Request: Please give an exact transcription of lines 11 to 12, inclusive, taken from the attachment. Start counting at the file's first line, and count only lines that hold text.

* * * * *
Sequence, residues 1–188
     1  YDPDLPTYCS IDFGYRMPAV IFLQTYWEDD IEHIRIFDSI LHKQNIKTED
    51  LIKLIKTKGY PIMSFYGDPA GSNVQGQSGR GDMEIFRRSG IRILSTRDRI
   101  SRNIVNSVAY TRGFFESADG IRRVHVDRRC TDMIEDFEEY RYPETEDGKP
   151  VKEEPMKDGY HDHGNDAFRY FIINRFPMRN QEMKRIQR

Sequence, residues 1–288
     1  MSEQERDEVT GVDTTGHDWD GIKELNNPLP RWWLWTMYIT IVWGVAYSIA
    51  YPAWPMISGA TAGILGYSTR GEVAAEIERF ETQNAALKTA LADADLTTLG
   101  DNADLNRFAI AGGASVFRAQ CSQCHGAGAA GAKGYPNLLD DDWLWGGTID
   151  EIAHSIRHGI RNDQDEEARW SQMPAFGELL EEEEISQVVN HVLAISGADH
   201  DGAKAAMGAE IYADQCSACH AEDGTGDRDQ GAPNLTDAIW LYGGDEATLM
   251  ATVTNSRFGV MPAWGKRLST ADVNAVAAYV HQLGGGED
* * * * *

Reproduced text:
   201  DGAKAAMGAE IYADQCSACH AEDGTGDRDQ GAPNLTDAIW LYGGDEATLM
   251  ATVTNSRFGV MPAWGKRLST ADVNAVAAYV HQLGGGED